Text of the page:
How to Write an Essay on Industrial Revolution: Tips and Example
The Industrial Revolution represents a process of fundamental change that began in Britain in 1760 and spread all over the world initially by 1820-1840 but also later throughout the 19th century.
The economy changed from being primarily agrarian and handicraft to the one driven by industrial manufacturing. This paper will portray the main elements of the Industrial Revolution, followed by a discussion of its social and cultural consequences. The technological changes brought on by the Industrial Revolution included the following:
- The use of new materials, mainly iron and steel,
- The use of new energy sources, such as coal, steam, petroleum and later electricity,
- The invention of new machines that allowed increased production with less human labor,
- The creation of the factory system as a new way of work organization,
- Advances in transportation and communication and a
- More significant use of scientific developments in the industry.
The Industrial Revolution also had an enormous impact on daily lives of all citizens, which will be discussed later on in the paper.
Factors leading to the Industrial Revolution
The Agricultural Revolution which happened in the 18th century set the stage for the Industrial Revolution, by creating a favorable climate for industrialization. The Agricultural Revolution increased the food supply with decreased labor needed to produce it. The traditional small farm food production motivated by fear of famine was no longer the primary agricultural organization unit. Instead, large commercial farming operations took over using more advanced farming methods and new crops. This created a surplus of food allowing more and more farm workers to migrate to towns and start working in new industries. A numerous new labor force was in place to fuel the development of an industrialized society. The Industrial Revolution would not have been possible without technological changes, including inventions of machines and new methods of production.
In its initial phases, the Industrial Revolution was mainly limited to Britain. The British were keen on preserving their leading position, and therefore they did not allow the export of the new machinery, skilled workers or manufacturing techniques. This situation could not last forever. Continental Europe, primarily Belgium and France sought to bring the industrialization to their countries. At the same time, British businessman also saw lucrative industrial opportunities abroad. Thus, the process of change did not stay confined to Britain for long. Belgium was the first country on European mainland which had their economy transformed by the Industrial Revolution after the first machine shops were developed in Liege. France came aboard more slowly with industrial changes in that country having to wait for the political climate to change. The political situation in France before 1848 was unstable and discouraging for significant investments to be made in technical improvements. The industrialization of Germany only began after the country was united in 1870, but when it finally started, it grew at a staggering pace, surpassing that of Britain, particularly in steelworks and chemical industries. The United States was also late to start but became a much stronger industrial power than any European country in the course of the 19th and 20th centuries. Japan also joined the Industrial Revolution with great success, while Eastern European countries lingered behind until the five-year plans were put in place in the 20th century. In the 1950s the Industrial Revolution spread to Asia, to previously non-industrialized countries like India and China.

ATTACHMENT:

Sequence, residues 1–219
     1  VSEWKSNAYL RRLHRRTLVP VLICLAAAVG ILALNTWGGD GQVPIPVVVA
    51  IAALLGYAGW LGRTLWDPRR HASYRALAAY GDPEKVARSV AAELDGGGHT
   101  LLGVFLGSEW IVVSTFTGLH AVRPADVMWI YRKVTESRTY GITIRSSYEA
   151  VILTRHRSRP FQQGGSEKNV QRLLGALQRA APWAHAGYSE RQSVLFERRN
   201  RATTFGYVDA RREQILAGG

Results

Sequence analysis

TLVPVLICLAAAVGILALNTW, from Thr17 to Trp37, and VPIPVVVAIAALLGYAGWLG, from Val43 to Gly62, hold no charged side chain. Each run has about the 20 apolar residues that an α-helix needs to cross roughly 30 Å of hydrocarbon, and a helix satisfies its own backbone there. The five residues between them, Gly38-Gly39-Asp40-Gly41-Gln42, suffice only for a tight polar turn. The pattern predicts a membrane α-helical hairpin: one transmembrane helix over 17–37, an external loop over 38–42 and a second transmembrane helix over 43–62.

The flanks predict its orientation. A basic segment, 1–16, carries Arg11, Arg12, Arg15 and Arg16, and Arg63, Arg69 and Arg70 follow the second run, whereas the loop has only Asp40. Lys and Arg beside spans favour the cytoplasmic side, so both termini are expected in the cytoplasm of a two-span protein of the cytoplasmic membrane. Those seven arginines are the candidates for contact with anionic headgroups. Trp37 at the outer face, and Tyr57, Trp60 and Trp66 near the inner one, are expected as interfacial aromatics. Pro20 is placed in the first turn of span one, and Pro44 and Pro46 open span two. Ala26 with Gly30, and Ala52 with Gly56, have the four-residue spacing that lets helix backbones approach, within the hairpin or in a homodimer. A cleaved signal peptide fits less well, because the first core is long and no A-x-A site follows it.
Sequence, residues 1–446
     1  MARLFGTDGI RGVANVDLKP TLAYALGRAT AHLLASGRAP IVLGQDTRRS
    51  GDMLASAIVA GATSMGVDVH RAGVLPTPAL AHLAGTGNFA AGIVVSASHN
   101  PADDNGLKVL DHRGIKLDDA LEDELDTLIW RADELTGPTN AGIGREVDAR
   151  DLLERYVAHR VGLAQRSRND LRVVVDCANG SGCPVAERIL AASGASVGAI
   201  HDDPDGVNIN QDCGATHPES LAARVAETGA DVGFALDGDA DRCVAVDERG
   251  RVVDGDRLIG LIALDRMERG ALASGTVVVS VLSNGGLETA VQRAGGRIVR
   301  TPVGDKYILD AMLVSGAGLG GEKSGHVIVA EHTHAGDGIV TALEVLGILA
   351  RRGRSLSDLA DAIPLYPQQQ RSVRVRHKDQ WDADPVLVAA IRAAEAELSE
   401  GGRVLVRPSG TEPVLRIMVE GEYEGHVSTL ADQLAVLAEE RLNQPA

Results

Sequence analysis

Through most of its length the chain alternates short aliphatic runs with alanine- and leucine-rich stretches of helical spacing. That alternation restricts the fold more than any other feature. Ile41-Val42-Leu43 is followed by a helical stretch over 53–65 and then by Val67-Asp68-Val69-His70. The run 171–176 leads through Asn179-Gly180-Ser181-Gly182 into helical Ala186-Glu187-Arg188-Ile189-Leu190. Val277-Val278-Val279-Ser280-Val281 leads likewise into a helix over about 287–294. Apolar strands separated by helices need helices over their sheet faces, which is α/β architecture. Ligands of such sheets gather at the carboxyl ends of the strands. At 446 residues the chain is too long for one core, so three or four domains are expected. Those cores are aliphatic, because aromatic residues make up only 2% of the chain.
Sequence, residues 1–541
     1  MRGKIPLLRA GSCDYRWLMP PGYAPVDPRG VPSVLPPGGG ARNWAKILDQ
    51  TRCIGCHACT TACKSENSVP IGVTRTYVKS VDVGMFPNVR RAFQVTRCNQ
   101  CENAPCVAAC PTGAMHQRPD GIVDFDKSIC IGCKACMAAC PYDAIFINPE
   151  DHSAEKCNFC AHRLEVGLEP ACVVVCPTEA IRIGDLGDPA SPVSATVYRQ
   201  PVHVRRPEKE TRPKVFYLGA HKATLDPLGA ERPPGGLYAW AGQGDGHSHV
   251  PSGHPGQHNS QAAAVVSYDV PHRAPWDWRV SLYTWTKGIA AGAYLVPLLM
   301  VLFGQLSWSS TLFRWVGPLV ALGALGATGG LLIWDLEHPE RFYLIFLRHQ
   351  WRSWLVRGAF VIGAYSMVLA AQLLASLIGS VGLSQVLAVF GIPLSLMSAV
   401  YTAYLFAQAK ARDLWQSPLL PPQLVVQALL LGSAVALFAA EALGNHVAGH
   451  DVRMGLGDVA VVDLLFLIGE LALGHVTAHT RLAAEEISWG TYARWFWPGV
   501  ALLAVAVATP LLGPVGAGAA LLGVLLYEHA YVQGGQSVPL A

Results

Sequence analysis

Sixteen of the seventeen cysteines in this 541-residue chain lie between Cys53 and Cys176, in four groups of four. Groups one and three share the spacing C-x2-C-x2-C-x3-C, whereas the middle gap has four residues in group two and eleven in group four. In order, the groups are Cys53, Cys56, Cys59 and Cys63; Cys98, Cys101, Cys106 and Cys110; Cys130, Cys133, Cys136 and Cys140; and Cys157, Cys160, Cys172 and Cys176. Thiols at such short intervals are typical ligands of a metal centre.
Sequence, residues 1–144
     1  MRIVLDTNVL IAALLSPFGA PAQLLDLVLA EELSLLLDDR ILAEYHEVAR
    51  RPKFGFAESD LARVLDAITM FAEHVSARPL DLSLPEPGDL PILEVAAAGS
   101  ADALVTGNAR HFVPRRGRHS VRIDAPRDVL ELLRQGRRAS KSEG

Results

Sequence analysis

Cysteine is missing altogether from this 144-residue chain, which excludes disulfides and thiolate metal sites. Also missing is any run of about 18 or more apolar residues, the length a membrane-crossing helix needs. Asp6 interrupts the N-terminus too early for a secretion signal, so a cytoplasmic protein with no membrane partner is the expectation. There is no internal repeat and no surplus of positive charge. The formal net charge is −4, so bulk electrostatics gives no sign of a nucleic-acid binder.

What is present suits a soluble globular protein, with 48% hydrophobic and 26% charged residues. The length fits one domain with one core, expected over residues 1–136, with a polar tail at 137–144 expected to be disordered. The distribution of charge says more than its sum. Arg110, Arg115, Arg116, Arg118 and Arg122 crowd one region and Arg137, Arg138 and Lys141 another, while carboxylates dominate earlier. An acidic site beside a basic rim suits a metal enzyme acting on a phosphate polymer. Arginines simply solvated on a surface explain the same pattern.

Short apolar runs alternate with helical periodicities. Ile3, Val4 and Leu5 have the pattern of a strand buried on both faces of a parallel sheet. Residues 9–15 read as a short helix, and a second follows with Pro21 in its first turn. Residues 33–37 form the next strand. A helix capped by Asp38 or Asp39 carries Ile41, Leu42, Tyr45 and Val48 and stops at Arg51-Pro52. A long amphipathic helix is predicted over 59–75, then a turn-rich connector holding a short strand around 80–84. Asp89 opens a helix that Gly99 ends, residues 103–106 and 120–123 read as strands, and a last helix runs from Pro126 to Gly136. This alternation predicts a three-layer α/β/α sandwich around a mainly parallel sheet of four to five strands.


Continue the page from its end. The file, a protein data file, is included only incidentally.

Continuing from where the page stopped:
The textile industry saw the most significant progress. It was here that the modern production methods were first put in place. Mechanized cotton spinning driven by steam or water made it possible to mass produce cotton cloth in Britain. The cloths were of inferior quality to those handwoven by Indian low-wage labor, but it prevailed due to the high production rates of British textile manufacturing.
The iron industry saw wood and other bio-fuels replaced with coal during the Industrial Revolution. Further advances included the development of a stationary steam engine and machine tools made of metal such as the planing machine, the milling machine, the shaping machine, to name but a few. The chemical industry was also significantly affected, and so was agriculture which experienced ever increasing productivity levels with the use of industrial technologies such as the seed drill, the Dutch plow containing iron parts and the threshing machine. In the late 19th century there was already a mass-production of agricultural equipment.
Transportation was another area of vast improvement during the Industrial Revolution. A turnpike road network was established, along with the canal and waterway network and a railway network. Steam locomotives became widely used.
Along with developing large domestic markets for the mass-produced commodities, international trade was also blooming, made possible by the 17th-century European colonial expansion. The surplus of goods was exchanged in an open market making nations like Great Britain, France, and the United States ever richer and allowing them to control the worldwide trade for years to come.